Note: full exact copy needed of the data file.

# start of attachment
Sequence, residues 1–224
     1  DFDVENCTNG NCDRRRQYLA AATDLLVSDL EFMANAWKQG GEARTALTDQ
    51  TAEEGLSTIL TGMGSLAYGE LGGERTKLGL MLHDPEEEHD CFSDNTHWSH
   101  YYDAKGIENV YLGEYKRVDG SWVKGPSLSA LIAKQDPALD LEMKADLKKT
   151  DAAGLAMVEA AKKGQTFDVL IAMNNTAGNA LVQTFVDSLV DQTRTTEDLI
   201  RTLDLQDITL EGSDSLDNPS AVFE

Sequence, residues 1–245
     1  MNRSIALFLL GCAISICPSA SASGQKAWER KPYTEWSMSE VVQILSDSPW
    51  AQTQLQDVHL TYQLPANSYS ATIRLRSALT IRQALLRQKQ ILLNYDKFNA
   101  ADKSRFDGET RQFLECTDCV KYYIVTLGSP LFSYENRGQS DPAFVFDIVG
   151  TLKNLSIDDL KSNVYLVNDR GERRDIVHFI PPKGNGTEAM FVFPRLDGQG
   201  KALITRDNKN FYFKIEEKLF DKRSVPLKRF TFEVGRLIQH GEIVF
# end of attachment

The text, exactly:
Sequence, residues 1–224
     1  DFDVENCTNG NCDRRRQYLA AATDLLVSDL EFMANAWKQG GEARTALTDQ
    51  TAEEGLSTIL TGMGSLAYGE LGGERTKLGL MLHDPEEEHD CFSDNTHWSH
   101  YYDAKGIENV YLGEYKRVDG SWVKGPSLSA LIAKQDPALD LEMKADLKKT
   151  DAAGLAMVEA AKKGQTFDVL IAMNNTAGNA LVQTFVDSLV DQTRTTEDLI
   201  RTLDLQDITL EGSDSLDNPS AVFE

Sequence, residues 1–245
     1  MNRSIALFLL GCAISICPSA SASGQKAWER KPYTEWSMSE VVQILSDSPW
    51  AQTQLQDVHL TYQLPANSYS ATIRLRSALT IRQALLRQKQ ILLNYDKFNA
   101  ADKSRFDGET RQFLECTDCV KYYIVTLGSP LFSYENRGQS DPAFVFDIVG
   151  TLKNLSIDDL KSNVYLVNDR GERRDIVHFI PPKGNGTEAM FVFPRLDGQG
   201  KALITRDNKN FYFKIEEKLF DKRSVPLKRF TFEVGRLIQH GEIVF